"Make an effort!" Or again: "If you do not try to shake yourself a bit, how do you get out of it?" Such recommendations are made daily to people with depression and come in many forms. Even if they start from a good intention, they are often useless and even counterproductive because they feel guilty.
by Fabien Vinckier, psychiatrist, medical researcher at Paris-Descartes University, postdoctoral fellow, Institute of Brain and Spinal Cord (ICM), originally published on The Conversation
"Shake," " Move "or" Make an effort! "... This type of exchange with the entourage is reported so often by the patients that the psychiatrists ended up giving him a small name. They call it the "orangina syndrome", referring to the brand's soft drink slogan, "Shake me - otherwise the pulp stays down".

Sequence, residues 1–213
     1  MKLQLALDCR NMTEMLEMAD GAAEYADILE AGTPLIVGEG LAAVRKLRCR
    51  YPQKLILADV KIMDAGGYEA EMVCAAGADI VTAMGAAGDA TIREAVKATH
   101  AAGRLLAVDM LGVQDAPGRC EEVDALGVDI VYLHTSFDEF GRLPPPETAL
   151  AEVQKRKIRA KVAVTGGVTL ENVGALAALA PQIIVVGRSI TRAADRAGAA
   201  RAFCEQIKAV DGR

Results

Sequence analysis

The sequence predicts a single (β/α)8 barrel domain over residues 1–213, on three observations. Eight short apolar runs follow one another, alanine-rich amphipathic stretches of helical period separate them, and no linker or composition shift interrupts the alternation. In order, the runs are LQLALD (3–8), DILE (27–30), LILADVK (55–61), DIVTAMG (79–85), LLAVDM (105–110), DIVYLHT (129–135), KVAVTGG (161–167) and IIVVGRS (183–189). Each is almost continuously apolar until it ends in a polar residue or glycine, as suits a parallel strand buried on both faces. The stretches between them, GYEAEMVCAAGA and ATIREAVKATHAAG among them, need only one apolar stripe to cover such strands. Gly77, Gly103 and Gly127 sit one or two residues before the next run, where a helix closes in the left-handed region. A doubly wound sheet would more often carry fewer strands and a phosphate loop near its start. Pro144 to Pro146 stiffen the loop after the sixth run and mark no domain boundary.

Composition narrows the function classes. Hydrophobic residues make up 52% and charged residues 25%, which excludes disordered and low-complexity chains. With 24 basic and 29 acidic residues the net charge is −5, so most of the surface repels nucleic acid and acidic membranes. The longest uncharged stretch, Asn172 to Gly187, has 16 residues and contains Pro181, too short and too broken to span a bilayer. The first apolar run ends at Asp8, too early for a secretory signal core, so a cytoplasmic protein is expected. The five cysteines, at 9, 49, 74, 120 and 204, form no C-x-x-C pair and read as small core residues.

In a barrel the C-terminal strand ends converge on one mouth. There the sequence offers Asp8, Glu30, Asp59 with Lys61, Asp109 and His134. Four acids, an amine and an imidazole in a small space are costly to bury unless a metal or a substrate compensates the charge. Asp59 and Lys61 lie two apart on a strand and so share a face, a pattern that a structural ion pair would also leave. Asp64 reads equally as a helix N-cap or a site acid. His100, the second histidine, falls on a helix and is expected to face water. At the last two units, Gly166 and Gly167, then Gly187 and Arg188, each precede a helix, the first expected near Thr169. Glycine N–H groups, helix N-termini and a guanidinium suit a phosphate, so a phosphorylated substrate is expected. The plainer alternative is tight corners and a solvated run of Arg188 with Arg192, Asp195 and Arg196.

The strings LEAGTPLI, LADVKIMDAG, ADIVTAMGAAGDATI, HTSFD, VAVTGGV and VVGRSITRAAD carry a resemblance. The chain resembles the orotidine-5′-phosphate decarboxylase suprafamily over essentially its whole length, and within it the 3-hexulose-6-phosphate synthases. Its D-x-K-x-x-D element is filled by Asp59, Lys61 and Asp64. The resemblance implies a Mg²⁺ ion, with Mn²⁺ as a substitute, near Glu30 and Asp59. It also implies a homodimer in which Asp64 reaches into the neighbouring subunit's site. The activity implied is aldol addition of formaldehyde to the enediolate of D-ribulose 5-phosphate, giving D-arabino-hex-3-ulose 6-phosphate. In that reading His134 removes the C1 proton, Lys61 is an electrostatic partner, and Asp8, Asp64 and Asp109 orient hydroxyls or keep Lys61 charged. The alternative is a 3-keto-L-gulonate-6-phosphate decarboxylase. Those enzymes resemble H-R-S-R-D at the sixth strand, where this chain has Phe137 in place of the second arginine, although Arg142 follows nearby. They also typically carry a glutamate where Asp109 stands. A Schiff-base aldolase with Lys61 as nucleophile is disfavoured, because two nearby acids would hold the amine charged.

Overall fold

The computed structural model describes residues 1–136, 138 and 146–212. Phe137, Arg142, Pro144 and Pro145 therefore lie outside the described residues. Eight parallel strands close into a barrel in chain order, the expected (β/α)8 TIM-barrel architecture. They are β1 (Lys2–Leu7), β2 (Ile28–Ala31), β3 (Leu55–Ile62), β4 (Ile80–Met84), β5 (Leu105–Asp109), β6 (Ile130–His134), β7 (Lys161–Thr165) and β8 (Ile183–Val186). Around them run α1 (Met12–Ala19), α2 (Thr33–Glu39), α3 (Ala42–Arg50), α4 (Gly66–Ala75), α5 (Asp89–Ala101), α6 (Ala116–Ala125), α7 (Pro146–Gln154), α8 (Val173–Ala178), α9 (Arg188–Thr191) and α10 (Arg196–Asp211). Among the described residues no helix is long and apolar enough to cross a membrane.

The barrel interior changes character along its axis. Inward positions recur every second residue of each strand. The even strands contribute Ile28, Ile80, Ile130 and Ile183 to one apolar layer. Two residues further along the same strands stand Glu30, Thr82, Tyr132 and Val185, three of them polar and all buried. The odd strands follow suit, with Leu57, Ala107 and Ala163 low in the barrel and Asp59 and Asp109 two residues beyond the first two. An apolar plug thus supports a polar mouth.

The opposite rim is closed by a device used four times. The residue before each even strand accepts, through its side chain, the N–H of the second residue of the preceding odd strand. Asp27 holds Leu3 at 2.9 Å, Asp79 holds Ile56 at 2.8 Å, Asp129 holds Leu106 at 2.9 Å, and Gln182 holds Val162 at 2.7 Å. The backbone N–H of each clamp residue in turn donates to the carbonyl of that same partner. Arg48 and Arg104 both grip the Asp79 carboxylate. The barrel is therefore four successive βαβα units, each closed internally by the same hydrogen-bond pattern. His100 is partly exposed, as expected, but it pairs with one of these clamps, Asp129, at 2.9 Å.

These short sentences are most often spoken with kindness and empathy, with the intention of helping. Sometimes, they come out under the spell of exasperation, or because of the pain that can arouse in us the apathy of a relative, or a colleague. Yet, they rarely seem to bear fruit. Worse, these same patients explain very well how these counsels and injunctions can be guilty and ultimately counterproductive.
Today, neuroscience makes it easier to understand why. And should encourage those around to look for other ways to help a loved one affected by depression.
Depression, a state of sadness, but not only
It is difficult for a non-patient to picture depression. When we try to do it, the images that come naturally are those of sadness. We draw from our personal history painful memories and try - which is sometimes difficult - to remember our state then. The picture of depression includes indeed the anxieties, the state of sadness, in other words - probably closer to the reality experienced by the patient - psychic suffering and moral pain.
With suicidal thoughts, this suffering is the most visible part of depression and probably the most "understandable" for those around you. In the same way that we sympathize with the sight of a physical injury, we suffer with our loved ones experiencing a moral pain, even when we do not understand the cause.